House Republicans and Democrats spar on Planned Parenthood funding
Washington — House Republicans and the head of Planned Parenthood faced off Tuesday as the group’s federal funding was questioned because of “exorbitant” spending on travel, lavish “blowout” parties and celebrity guests.
Utah U.S. Rep. Jason Chaffetz, chairman of the House Oversight and Government Reform panel, said Planned Parenthood spent more than $5 million on travel in 2013, or $14,000 a day, including on first-class flights and chartered aircraft.
Planned Parenthood supports 59 affiliates operating 667 clinics across the country. In 2013, it reported $1.3 billion in revenue, of which 41 percent or $574 million came from government health services grants and reimbursements.
“That’s a lot. That’s money that isn’t going to women’s health care,” Chaffetz said. “What I don’t want to become numb to is wasting taxpayer dollars.”
Cecile Richards, president of the Planned Parenthood Federation of America, defended the legality her organization’s work and denounced the “great deal of misinformation” about Planned Parenthood that prompted recent Republican calls to eliminate funding for the group.
“This is just the most recent in a long line of discredited attacks. ... The outrageous accusations leveled against Planned Parenthood, based on heavily doctored videos, are offensive and categorically untrue,” Richards said.
“These acts against women and health care providers don’t reflect American values or the rule of law, and I hope this committee will condemn them,” she added.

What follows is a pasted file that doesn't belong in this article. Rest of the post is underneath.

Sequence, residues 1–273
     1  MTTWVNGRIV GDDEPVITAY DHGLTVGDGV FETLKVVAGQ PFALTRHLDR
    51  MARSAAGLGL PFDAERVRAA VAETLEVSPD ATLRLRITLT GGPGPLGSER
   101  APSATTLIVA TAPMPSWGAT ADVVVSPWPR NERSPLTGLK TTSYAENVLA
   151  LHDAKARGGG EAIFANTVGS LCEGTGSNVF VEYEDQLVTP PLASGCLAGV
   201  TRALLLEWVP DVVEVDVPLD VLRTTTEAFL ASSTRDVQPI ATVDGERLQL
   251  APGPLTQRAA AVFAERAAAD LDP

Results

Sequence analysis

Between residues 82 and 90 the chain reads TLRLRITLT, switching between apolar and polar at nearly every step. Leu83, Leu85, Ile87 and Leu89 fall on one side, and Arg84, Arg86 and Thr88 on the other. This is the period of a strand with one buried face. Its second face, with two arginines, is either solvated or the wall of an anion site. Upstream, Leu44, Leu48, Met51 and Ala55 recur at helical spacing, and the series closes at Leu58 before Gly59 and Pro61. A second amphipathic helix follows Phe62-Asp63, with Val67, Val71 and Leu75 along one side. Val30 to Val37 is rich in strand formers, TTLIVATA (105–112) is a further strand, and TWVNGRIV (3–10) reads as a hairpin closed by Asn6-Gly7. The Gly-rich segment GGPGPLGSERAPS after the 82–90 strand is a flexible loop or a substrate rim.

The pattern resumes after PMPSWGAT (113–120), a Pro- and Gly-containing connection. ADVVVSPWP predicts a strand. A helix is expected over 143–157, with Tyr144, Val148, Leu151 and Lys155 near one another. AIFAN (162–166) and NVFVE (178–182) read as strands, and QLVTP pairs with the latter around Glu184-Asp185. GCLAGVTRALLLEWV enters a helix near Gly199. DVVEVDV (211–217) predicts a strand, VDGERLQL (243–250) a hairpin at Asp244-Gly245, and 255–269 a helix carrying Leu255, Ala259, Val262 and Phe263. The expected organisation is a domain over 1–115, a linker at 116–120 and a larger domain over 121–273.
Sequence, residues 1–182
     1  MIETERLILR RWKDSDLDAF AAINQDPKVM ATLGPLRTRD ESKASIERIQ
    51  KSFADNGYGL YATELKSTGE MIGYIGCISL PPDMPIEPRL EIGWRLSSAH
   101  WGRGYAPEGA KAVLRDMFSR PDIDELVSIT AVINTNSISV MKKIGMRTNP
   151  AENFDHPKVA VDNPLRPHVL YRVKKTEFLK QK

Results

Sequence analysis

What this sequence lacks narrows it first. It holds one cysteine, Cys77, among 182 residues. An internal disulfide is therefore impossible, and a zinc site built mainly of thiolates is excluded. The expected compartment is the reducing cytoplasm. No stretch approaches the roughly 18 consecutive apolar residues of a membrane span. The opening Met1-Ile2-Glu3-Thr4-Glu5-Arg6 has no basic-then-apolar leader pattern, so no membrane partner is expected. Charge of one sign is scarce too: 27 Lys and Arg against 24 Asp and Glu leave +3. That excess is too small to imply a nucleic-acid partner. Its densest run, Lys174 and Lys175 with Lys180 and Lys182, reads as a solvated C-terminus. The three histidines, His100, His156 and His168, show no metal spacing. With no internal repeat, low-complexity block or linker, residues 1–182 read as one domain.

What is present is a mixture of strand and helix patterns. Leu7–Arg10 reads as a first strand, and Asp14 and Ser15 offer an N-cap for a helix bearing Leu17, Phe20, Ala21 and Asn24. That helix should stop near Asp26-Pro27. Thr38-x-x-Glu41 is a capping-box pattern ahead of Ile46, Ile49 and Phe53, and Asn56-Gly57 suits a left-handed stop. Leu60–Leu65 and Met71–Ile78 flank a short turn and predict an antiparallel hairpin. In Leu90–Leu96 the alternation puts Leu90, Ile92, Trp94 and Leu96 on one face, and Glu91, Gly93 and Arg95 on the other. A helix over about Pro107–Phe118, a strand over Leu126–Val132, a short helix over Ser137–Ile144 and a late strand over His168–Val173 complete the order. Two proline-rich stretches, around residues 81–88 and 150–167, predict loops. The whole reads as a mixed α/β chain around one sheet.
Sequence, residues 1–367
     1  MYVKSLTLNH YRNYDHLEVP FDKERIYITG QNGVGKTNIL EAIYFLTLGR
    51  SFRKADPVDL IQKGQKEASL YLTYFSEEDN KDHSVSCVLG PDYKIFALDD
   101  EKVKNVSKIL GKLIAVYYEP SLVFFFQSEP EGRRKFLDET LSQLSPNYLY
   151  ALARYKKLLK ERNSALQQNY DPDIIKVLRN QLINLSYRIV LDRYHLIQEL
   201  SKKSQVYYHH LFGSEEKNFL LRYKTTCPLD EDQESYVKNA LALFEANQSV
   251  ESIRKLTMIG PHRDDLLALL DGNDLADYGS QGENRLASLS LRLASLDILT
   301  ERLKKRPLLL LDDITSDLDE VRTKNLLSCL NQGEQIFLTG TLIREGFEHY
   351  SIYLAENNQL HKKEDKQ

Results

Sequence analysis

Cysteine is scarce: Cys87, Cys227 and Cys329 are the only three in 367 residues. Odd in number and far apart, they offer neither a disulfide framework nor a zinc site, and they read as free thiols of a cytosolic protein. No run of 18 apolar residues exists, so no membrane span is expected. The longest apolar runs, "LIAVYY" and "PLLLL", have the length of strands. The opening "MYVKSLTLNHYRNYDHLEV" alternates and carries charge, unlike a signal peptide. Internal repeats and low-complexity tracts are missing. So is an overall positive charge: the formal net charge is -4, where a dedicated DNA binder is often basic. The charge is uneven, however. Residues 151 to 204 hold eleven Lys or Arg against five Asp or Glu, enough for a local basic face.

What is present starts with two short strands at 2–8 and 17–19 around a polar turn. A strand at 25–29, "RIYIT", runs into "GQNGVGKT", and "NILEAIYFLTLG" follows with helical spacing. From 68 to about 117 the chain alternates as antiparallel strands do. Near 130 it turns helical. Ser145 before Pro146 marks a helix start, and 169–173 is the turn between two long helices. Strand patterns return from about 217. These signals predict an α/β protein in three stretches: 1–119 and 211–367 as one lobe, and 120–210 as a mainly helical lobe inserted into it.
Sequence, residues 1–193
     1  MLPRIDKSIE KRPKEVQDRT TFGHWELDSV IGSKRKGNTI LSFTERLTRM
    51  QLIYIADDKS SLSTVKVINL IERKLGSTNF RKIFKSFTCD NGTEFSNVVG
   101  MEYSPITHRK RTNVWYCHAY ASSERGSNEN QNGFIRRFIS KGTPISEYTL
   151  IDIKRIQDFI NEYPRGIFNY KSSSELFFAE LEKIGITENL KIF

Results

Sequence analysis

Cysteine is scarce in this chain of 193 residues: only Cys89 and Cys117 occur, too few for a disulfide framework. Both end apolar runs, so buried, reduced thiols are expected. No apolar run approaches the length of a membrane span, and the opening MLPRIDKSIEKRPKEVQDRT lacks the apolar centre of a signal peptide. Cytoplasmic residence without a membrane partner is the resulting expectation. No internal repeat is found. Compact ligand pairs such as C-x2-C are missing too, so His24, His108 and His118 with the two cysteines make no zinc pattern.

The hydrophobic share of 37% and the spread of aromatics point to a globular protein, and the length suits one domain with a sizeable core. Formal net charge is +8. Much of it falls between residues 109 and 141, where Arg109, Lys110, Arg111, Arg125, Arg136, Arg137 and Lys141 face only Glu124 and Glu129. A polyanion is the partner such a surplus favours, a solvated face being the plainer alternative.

It was Richards’ first appearance on Capitol Hill since the release of undercover videos about Planned Parenthood’s fetal tissue program by the Center for Medical Progress in California. The anti-abortion group says the videos show Planned Parenthood is selling the organs of aborted fetuses for profit in violation of federal law.
It is legal to donate the tissue.
At the hearing, Rep. Tim Walberg, R-Tipton, addressed the accuracy of the videos, highlighting an independent report commissioned by Planned Parenthood in which he said the analysis “did not reveal widespread evidence of ‘substantive video manipulation’ and it ‘shows no evidence of audio manipulation.’”
“I just want that stated for the record, Mr. Chairman, because we have a lot of controversy over the videos,” Walberg said.
Richards responded by noting the Center for Medical Progress hasn’t released all the original source footage, although Planned Parenthood has requested it.
During the hearing, Democrats pushed back against Republican references to the federal “subsidy” for Planned Parenthood, saying the bulk of funding for Planned Parenthood ($390 million) comes in the form of Medicaid reimbursements for preventive health services to the poor such as breast exams and cancer screenings.
Rep. Brenda Lawrence, D-Southfield, also slammed references to the use of federal funds for abortion – which is not permitted – “as if, if you keep saying it, in some way it will become factual.”
“Do your research before you ask your exhausting, sometimes insulting questions. We cannot use federal dollars for abortion,” Lawrence said.
Lawrence also said the services offered by Planned Parenthood clinics could not be easily replaced by federally funded community health centers, citing research by Sara Rosenbaum, founding chair of the Department of Health Policy at the George Washington University School of Public Health & Health Services.
Richards said 78 percent of its patients live at 150 percent of the poverty level or below.